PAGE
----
A funny thing happened to me the other day, cliched opening I know, but, I saw a Heron who couldn’t fish. I should qualify that statement and say that it was perfectly able to catch fish (large flatfish) but it couldn’t manage to work out how to eat the ones it caught. I sat in the hide at our local nature reserve and watched for two hours. Time and again it speared a large fish, but on every occasion, after much manoeuvring to line it up to go in head first, as it must to ensure the spines on the fish do not get stuck in its throat, it gave up and left the deceased fish on the side of the pond or floating in the water.
I didn’t understand this. What was going on?
I consulted birding friends to see if they had ever noticed this kind of problem. They hadn’t but one mused that maybe it was a relatively inexperienced bird – even though it clearly had its adult plumage.
So I began to research the topic.
It appears that Herons have to teach themselves to fish. Heron parents, apparently, do not count this among their parental duties. As far as they are concerned the young Herons are supposed to use the bird version of a Fishing for Dummies book to get them started.
Many of you will have experienced the double edged joy of seeing a Heron standing majestically next to your garden pond. Beautiful sight, until you realize that the wonder before you is systematically stripping your pond of its fishy inhabitants. This bird is in all probability an inexperienced fisher. Young Herons frequent ponds to catch their food as it is easier to do so in the relatively confined space they provide. Steps can be taken to try and minimize the problem, such as netting the pond (although this hampers other desirable wildlife from using it). Some people even suggest standing a plastic decoy Heron next to the pond in the hopes that it will deter other individuals from alighting. This can backfire however, and the decoy can actually draw other Herons to the pond, since they think there must be something in there if one of their number is already avidly watching it.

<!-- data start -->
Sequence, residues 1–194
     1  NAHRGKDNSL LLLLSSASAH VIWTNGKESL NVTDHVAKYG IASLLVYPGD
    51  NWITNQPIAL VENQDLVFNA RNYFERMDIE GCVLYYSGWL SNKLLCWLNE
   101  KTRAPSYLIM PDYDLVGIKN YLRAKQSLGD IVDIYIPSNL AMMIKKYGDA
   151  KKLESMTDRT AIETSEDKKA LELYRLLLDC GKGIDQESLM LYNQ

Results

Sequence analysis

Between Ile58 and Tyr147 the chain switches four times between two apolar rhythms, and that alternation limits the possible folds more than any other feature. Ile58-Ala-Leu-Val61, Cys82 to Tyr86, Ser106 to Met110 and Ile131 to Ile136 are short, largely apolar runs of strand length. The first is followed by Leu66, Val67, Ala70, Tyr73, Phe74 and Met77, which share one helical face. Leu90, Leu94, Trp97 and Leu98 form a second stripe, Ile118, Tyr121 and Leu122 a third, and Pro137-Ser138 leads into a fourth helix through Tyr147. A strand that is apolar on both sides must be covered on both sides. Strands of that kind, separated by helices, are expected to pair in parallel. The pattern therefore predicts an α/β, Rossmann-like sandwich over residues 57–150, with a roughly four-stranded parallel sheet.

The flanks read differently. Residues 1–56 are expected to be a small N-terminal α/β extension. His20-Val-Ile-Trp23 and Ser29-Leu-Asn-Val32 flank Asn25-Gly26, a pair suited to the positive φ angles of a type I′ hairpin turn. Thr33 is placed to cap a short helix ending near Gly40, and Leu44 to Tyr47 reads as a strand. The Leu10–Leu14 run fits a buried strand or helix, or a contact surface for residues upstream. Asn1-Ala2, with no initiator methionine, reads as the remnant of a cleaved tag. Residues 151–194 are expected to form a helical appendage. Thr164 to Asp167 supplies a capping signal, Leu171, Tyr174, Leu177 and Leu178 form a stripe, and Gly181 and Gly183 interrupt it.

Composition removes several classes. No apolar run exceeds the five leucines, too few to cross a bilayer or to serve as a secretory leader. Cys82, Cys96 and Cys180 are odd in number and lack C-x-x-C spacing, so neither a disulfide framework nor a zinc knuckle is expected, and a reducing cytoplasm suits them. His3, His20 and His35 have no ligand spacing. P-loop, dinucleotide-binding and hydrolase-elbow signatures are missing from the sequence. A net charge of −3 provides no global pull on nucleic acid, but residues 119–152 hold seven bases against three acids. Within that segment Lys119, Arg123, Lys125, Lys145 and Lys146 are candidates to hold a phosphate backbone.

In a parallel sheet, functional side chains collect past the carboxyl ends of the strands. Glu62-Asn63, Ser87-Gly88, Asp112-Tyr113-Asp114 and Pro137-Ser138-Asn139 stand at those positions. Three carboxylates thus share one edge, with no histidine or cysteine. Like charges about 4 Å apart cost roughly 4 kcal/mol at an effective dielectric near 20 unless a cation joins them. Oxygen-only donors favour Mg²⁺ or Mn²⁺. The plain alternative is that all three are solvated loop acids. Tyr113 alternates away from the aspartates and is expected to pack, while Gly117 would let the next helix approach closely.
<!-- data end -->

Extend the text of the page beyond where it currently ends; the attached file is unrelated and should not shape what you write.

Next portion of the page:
Unfortunately it is not only your ponds fish which may be vulnerable as Herons eat amphibians (Toads, Frogs etc.), reptiles, insects, crustaceans, molluscs, worms and birds. Not great news if your pond is home to pet ducks – ducklings are occasionally a favoured snack item for Herons.
No doubt the attentions of this unwanted visitor can be worrying, but possibly the best solution if you are plagued in this way is to admit defeat and forget having ornamental fish, pet ducks etc. and make the pond a true wildlife refuge. A place where the appearance of a Heron wearing the equivalent of fishing L Plates is not so much a worry but a joy to be savoured whenever you are lucky enough to see it.
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